Swithun Still is an old friend. I included an interview with him in my Commodity Conversations book, An Introduction to Trading in Agricultural Commodities, and he kindly wrote the preface to The New Merchants of Grain.
I was due to meet him for lunch on a Monday at La Maison d’Igor, his favourite restaurant in Morges, Switzerland. It is a forty-five-minute cycle ride along the lake shore from my hometown of Lausanne. I knew Swithun would also want to cycle to our meeting, but a massive storm over the weekend had transformed Lake Leman into an ocean; white-crested waves were still crashing onto the shore. We compared notes during the morning and decided that I should take the train instead.
But then the sun came out, and I went on my bike. It was a fun ride as the storm had, in places, washed away the lake path, and I found myself cycling through foot-deep lake water. I got to the restaurant just as Swithun arrived on his bike.
Once at our table, I was disappointed that our waiter wasn’t called Igor. He explained that the restaurant and hotel were named after Igor Stravinsky, who had lived there for a few years at the beginning of the last century. “And, no,” he added, “the food is not Russian. We don’t serve caviar.” I was relieved; it was my turn to pay.
Swithun was President of Gafta, the Grain & Feed Trade Association, in 2019. The Association traces its history back to 1878 and has several roles, including education and training. Grain traders initially set it up to promote standard contract forms and provide an arbitration mechanism to settle disputes arising from these contracts. As much as 80 per cent of the global grain trade now transacts under Gafta terms and conditions.
I wanted to talk to Swithun about arbitration. He is one of Gafta’s seventy-five (or so) qualified arbitrators. I wanted him to explain the role of arbitration when things go wrong. Perhaps more importantly, how should counterparties avoid things going wrong in the first place? We had agreed that he would speak to me in a personal capacity.
He had brought along a Gafta brochure showing the scope of their arbitration service. Between October 2020 and September 2021, Gafta’s arbitration department received 310 claims. Over that period, Gafta ruled awarded nearly four million euros under 125 rules and just over one million dollars under 126 rules. Arbitration is big business.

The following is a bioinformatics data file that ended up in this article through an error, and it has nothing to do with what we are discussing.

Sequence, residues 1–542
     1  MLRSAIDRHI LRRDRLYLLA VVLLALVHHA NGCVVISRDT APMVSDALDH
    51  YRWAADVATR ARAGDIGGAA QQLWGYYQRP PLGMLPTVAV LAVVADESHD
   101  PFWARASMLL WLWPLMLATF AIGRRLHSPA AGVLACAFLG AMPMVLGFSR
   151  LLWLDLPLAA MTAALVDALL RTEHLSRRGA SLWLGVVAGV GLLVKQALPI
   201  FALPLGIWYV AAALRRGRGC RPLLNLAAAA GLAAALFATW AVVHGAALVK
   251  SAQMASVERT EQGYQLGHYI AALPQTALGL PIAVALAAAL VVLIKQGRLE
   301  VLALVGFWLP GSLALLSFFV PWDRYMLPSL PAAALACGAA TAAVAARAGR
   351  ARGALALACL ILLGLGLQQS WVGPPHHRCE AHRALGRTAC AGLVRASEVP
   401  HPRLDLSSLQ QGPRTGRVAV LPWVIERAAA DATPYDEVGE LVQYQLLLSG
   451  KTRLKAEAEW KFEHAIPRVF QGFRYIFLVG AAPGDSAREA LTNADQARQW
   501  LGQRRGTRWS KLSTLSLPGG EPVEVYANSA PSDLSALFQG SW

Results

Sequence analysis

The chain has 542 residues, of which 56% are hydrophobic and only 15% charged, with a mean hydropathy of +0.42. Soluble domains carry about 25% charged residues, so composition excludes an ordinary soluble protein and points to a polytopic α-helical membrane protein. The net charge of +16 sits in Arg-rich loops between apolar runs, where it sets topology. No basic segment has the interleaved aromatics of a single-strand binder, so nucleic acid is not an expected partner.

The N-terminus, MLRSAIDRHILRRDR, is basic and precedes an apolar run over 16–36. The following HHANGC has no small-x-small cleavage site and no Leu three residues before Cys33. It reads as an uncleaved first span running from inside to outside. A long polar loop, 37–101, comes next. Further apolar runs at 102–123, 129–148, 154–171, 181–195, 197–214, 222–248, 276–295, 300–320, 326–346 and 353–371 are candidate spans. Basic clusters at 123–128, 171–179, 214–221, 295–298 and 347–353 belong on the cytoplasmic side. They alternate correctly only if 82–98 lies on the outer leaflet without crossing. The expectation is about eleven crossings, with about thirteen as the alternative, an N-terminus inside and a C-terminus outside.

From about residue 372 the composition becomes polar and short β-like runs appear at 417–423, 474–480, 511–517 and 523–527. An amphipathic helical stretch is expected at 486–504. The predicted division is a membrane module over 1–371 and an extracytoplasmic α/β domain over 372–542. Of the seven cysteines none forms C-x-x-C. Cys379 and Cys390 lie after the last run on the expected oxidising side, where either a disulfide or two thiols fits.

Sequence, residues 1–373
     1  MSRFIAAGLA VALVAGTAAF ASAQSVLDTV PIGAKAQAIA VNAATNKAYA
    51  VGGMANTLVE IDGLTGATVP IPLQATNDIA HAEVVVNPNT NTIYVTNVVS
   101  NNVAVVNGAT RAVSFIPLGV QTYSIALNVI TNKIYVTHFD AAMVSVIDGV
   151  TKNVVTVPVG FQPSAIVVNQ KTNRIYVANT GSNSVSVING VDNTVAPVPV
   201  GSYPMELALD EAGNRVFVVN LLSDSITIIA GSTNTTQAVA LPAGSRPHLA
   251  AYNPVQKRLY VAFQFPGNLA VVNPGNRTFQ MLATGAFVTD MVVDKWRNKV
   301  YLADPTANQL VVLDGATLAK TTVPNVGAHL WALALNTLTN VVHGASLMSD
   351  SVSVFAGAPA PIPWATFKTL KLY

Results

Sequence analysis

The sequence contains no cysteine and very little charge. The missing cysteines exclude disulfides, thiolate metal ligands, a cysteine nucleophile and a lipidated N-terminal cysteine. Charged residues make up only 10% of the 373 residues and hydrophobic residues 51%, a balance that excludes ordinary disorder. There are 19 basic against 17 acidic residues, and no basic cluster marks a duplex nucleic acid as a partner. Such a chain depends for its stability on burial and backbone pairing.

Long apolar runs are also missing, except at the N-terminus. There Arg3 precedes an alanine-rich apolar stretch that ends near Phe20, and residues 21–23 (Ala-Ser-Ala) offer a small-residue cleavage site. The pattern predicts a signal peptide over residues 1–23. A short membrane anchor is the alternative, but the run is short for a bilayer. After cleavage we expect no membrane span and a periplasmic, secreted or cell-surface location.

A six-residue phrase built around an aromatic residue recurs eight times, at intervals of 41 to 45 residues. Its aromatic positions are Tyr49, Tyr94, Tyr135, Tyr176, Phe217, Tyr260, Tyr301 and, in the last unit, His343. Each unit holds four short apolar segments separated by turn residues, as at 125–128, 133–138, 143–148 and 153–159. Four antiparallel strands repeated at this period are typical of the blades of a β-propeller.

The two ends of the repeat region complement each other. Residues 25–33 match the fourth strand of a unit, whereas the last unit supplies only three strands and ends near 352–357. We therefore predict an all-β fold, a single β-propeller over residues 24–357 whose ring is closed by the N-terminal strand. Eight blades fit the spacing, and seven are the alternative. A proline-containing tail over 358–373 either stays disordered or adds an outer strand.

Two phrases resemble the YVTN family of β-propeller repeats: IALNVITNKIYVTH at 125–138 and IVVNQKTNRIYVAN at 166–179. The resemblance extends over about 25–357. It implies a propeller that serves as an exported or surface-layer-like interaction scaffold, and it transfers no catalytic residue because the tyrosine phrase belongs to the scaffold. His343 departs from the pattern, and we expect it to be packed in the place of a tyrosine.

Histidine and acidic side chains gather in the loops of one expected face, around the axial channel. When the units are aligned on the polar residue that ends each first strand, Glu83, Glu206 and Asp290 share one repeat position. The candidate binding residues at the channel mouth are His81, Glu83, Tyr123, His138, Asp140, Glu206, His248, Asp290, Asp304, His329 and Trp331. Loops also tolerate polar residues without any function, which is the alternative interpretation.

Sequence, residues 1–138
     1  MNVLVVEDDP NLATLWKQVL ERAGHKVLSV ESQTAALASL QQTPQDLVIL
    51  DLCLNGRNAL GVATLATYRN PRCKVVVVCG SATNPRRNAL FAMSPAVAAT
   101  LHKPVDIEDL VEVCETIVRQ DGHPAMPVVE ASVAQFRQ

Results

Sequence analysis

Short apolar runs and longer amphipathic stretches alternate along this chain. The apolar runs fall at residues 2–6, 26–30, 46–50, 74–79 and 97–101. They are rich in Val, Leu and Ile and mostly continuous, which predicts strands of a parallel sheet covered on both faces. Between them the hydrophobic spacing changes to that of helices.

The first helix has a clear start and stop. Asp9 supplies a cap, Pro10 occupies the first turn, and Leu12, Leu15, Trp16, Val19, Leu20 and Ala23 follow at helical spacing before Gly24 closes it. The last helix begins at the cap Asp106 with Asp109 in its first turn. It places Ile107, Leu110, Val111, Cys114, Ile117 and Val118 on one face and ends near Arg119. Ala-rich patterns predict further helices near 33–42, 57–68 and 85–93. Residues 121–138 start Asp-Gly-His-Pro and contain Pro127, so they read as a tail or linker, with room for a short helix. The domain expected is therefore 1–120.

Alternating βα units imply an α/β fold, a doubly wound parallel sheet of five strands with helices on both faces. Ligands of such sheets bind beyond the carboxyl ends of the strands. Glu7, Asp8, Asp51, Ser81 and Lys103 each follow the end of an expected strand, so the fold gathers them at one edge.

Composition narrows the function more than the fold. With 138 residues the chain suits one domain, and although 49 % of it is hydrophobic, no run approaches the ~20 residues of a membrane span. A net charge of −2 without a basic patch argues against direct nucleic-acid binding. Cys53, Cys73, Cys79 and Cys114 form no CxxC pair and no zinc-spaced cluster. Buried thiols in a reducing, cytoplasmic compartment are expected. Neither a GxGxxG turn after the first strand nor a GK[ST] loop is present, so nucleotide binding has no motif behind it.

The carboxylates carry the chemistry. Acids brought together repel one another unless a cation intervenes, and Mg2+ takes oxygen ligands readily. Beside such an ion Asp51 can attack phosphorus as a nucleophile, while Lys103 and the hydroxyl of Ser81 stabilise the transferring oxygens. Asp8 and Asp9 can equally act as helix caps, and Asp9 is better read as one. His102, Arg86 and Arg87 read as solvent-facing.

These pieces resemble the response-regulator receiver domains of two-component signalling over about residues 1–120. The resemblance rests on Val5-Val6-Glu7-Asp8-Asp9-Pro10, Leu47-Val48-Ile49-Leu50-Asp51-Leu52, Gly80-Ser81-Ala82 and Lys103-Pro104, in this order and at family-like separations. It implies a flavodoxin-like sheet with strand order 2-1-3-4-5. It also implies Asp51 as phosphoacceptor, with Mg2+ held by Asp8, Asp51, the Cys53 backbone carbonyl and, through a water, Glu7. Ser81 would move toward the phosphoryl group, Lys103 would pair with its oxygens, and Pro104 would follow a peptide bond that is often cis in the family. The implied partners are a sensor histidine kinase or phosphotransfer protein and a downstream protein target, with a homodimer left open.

“Gafta 125 arbitration rules are used for most dispute resolution under Gafta terms and are heard by three arbitrators”, Swithun explained. Gafta 126 Rules are for minor claims requiring expedited arbitration and involving parties agreeing to a Sole arbitrator. Both have the right of appeal, in which case Gafta will appoint a Board of Appeal consisting of five qualified arbitrators”.
“There are generally three exchanges at the first tier. There are first the claim submissions, then the reply submissions by the Respondent. The Claimant then replies to the defence’s submissions. The Claimant will always have the last bite of the cherry.
“What frequently happens in complex cases is that there are rejoinder submissions and clarifications as to what’s gone on. If the Claimant introduces new evidence in his reply to the defence, then the Respondent will frequently ask for the opportunity to respond to those new bits of evidence.
“It usually takes about three and a half months between claim submissions and the finalisation of closing of submissions. In the best-case scenario, the arbitration ruling takes four months, but more often, six.